November and remembrance go together, unfortunately and sadly. Remember the stupidity of warfare. Remember how killing never achieves anything other than increased bitterness. Maybe what we really, really want is forgiveness. We need to forgive the wrongs of others. Let go of them, without retribution. Resentments in you and me don’t hurt the person that did us wrong—they hurt ourselves. They grow inside, a cancer of the mind, making us bitter and twisted. As surely as any malignancy, they destroy us. What’s the point in that? And we need to forgive ourselves for the daft things we’ve done. If the Divine Lord is a headmaster who insists on the punishment fitting the crime, then I’m give up this vicaring malarkey and become a pagan. I like Cardinal Hume’s image of God: someone into whose ear you can whisper all the things you’re afraid and ashamed to tell anyone else, and know that you will not be rejected. Like the gracious father of the two sons (one ‘prodigal’, the other mean). So whisper your shame and regrets, throw the past behind you and move on, resolved to withstand evil.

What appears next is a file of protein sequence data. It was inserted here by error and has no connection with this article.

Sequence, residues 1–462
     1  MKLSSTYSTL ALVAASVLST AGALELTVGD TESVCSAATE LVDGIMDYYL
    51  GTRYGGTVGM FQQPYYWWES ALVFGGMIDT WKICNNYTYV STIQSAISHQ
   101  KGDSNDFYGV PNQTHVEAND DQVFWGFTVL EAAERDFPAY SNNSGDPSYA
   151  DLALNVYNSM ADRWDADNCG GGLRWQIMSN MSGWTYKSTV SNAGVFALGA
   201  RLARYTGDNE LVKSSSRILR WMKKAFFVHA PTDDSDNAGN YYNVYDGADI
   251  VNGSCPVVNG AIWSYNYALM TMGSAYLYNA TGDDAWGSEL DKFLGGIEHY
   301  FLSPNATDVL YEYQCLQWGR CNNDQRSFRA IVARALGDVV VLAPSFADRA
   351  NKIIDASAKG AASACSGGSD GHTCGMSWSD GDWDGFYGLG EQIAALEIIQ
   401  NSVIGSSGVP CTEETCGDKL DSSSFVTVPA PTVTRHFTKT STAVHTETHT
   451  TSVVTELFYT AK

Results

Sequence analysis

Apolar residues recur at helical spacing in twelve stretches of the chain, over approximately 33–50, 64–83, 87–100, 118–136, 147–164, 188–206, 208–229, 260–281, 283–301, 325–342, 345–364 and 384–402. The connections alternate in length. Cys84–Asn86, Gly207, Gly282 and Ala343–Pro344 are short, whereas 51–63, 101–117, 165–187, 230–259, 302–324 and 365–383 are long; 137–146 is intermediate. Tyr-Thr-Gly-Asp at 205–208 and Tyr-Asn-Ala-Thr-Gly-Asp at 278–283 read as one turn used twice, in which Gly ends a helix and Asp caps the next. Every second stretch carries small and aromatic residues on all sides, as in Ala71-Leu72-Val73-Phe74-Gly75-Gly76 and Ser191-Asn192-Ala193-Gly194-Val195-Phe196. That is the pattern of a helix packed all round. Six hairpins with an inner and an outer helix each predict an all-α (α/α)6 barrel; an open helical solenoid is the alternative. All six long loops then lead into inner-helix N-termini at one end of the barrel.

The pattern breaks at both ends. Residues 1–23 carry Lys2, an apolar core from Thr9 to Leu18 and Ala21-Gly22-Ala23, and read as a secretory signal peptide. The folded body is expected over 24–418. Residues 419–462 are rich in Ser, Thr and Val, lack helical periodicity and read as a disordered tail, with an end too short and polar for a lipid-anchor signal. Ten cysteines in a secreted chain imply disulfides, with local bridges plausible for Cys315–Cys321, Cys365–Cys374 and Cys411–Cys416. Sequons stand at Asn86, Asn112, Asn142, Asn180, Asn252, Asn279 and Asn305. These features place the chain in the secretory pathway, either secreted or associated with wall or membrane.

The poppies of Flanders fields appeared because the trenches and tanks of warfare churned up the ground and provoked dormant seeds to life. We can hope that the turmoil of confronting grief and resentments will allow dormant seeds to flower within us. Who knows what wonderful things might result? This is healing. It’s not about medical cure, but about accepting the truth of the situation we’re in and gathering strength to move on. This I know for certain: we can’t move on until we acknowledge the reality of where we start from, and identify what we really, really want. And that takes me back to the beginning of this month’s ramble. Jesus said what do you want me to do for you? Ask and you will receive.